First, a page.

Bob DiPiero (“I Can See Forever In Your Eyes,” Reba McEntire): I remember exactly what I was doing. I was vacuuming the carpet in the living room. I was much more domesticated back then. I was listening to the radio and I heard the announcer say “Up next Miss Reba McEntire.” I had known my single was coming out. It was the first song I had gotten recorded called “I Can See Forever In Your Eyes.” So I turned the vacuum cleaner off and stood in front of the radio like I was going to see something. I was just watching, and I remember the song started and I remember the Whole intro going by and her first vocals going by before it actually started registering it was my song and I had written it. It was very dreamlike. No one was home. I wasn’t with people. I couldn’t say “Hey, that’s my song. That’s me.” I think it must feel exactly the same way as when someone hits a hole in one and no one’s there to see it.

Antonina Armato (“I Still Believe,” Brenda K. Starr): I was on the 405 Freeway (in Los Angeles) headed east, I’d just passed Robertson I remember specifically, and it was “I Still Believe,” and it was the Top 8 at 8 on Kiss FM, and it was the number one most requested song and I started to cry. It was awesome. And I was on my way to my almost-fiancée’s house at the time-it was the most amazing moment. Not just so much that it was on the radio, but that it was like the number one requested song of the evening. I didn’t expect it and I almost had to pull over. It was such a neat thing. I guess that was kind of like your first kiss or whatever.

Max T. Barnes (“Way Down Deep,” Vern Gosdin): I was driving home when I first heard Vern Gosdin sing “Way Down Deep.” I can’t remember where I was driving from or what I’d been doing. I guess all that was forgotten in the excitement of the moment. And I literally had to pull off the road until the song was over. It was like winning the lottery, not so much from the money point of view, but just in the awe of having something I’d done validated on the radio.

Steve Seskin (“Wrong,” Waylon Jennings): The first song of mine I heard was Waylon Jennings’ “Wrong.” I was driving down Highway 1 in northern California when I heard it. I just felt like screaming out the window to all the other drivers, “Turn to 97.9. They’re playing my song!”

Mark Selby (“Deja Voodoo,” Kenny Wayne Shepherd): I was driving along in my car and I hear the opening to a song and I thought, “Sounds pretty interesting, like the way I would approach something.” So I’m turning up the radio and I realize it is something I wrote. It’s Kenny Wayne Shepherd’s recording of “Deja Voodoo.” I nearly ran into a billboard.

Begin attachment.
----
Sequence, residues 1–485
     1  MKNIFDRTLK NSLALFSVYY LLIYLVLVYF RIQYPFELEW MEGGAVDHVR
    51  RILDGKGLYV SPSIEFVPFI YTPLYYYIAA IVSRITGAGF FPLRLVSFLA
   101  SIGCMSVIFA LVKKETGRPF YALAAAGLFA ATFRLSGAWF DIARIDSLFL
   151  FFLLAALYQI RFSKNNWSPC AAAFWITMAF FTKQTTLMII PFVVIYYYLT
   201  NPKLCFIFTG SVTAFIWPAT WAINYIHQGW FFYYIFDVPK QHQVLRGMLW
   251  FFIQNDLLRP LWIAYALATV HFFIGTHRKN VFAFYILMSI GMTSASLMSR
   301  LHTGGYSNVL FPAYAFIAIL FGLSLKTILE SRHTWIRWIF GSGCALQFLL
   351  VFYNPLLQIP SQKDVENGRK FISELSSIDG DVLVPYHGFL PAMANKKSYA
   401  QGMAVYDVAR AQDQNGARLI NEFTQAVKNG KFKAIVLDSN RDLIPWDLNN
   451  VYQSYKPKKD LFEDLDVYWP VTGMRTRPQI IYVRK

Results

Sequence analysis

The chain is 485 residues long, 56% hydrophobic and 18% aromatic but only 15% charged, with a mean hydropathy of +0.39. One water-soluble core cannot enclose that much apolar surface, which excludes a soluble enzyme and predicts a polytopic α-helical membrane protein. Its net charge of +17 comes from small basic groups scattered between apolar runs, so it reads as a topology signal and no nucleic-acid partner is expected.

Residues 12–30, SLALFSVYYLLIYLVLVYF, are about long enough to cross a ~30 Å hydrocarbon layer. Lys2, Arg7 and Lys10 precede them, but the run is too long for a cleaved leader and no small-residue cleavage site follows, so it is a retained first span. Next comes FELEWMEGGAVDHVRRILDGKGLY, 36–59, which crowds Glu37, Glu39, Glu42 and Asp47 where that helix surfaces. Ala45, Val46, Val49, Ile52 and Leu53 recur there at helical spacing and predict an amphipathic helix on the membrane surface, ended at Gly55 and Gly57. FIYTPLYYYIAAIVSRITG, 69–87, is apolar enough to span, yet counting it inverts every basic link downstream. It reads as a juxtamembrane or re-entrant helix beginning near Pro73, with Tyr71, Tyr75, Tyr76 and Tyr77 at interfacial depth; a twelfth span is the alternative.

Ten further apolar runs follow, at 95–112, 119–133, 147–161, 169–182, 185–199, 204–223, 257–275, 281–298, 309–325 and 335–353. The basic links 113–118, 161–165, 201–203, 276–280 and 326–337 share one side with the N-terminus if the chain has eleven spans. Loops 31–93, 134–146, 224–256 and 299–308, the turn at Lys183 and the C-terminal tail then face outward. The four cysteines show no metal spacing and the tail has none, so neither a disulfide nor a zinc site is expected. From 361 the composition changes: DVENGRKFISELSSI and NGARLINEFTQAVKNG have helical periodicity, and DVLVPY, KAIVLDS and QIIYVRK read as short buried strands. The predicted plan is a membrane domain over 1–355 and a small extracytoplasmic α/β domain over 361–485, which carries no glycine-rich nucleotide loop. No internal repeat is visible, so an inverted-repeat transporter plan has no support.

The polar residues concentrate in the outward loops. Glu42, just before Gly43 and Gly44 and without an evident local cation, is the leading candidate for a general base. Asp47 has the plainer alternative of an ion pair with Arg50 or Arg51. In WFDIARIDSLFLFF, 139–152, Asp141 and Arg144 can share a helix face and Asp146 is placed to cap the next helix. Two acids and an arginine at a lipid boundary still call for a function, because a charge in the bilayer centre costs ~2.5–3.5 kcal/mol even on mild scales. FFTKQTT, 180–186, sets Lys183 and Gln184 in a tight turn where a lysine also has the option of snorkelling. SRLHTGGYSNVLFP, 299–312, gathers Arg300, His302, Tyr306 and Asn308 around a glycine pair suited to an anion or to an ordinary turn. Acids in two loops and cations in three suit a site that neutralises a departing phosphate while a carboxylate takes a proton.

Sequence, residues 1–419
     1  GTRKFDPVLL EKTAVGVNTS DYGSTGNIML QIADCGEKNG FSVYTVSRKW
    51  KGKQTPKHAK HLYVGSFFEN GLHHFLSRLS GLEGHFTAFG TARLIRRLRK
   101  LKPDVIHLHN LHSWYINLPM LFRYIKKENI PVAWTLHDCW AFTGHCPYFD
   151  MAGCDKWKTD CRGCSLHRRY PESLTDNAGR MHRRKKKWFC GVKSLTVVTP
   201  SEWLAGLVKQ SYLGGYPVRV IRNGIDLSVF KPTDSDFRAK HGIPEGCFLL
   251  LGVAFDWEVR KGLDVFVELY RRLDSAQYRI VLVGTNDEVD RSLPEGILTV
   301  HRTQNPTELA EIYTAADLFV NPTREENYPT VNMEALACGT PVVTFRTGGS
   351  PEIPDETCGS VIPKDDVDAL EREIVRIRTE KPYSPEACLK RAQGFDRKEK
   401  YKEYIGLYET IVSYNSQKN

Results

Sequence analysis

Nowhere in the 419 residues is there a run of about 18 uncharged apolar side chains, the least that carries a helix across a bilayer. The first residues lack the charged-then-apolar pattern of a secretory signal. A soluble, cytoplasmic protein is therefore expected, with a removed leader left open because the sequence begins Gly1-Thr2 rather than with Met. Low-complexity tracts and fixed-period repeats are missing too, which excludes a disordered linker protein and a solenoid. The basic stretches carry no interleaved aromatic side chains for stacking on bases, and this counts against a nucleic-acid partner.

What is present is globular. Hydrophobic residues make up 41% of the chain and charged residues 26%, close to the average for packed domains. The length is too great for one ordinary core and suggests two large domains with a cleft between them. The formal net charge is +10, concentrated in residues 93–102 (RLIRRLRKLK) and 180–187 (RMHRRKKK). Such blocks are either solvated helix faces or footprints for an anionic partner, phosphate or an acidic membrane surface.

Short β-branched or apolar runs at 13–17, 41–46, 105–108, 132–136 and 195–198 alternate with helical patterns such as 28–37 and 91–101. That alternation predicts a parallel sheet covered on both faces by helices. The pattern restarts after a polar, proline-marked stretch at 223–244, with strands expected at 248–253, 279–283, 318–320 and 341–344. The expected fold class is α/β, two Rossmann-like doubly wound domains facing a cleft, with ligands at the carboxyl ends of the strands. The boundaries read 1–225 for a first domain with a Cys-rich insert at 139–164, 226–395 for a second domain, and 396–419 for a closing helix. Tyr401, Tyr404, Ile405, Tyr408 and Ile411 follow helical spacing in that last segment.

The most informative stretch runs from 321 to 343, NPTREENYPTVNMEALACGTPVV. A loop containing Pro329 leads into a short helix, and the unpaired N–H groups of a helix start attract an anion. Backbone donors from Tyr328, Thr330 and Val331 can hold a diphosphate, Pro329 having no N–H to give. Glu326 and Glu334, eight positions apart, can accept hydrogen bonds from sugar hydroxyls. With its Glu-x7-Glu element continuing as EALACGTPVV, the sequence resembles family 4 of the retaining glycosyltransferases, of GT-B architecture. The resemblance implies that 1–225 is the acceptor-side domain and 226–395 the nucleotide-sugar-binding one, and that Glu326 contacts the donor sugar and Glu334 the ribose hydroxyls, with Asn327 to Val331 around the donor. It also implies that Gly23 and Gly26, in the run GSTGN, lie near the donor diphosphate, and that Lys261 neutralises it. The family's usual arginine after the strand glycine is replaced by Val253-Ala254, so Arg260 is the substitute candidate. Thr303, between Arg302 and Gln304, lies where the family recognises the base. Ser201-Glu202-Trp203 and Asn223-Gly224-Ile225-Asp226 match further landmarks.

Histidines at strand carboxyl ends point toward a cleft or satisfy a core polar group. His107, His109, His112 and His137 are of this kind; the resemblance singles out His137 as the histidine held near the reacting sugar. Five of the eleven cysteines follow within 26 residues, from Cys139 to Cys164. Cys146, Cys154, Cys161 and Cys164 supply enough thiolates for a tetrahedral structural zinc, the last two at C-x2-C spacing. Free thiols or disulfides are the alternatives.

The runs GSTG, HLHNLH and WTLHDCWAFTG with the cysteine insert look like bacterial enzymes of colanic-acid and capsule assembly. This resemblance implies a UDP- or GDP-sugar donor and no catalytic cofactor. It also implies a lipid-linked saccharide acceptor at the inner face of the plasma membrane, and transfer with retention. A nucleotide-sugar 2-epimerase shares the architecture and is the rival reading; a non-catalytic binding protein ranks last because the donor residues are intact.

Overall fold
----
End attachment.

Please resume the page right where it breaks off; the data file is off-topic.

Terry McBride (“Every Step Of The Way,” McBride and the Ride): I was living in Austin, Texas in 1990. The first single for McBride & The Ride was out, a song I co-wrote called “Every Step Of The Way.” My wife and I were leaving some friends’ house one night headed home when the single came on an Austin radio station. My wife and I were so excited! We cranked the radio up. I definitely wasn’t thinking about anything else at the moment including the speed limit. The next thing I knew the blue lights were flashing. I tried to tell the officer that I had just heard myself on the radio for the first time and how excited my wife and I were. The cop looked at me and said, “Oh yeah, I’m Johnny Cash and here’s your ticket!”

Susan Gibson (“Wide Open Spaces,” The Dixie Chicks): I think that first time I heard it on the radio, it had been out for awhile, but I hadn’t heard it. I was at home, and I just turned up the radio. It was just so neat, to be in my familiar surroundings, at home by myself with my dog. It was a really sweet feeling, what a rush! I couldn’t believe that it got sandwiched in between Garth Brooks and Shania Twain! I thought “There’s my song right between their songs,” it was a trip. A really good feeling. Everyone should get to experience that feeling in some capacity. After it was over I called David Preston at BMI and said, “Hey, I just heard Wide Open Spaces – I want to make sure you guys recorded that one!”